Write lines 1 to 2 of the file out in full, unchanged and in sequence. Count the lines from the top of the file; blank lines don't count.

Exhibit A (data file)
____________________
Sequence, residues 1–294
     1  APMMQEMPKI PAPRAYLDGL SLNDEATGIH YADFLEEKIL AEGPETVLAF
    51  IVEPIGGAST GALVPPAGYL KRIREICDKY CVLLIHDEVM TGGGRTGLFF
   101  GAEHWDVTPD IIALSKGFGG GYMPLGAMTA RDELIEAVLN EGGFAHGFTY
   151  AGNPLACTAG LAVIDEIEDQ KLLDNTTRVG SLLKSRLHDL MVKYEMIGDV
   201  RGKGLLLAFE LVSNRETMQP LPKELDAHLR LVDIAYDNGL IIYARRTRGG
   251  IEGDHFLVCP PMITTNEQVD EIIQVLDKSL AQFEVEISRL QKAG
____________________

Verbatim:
Sequence, residues 1–294
     1  APMMQEMPKI PAPRAYLDGL SLNDEATGIH YADFLEEKIL AEGPETVLAF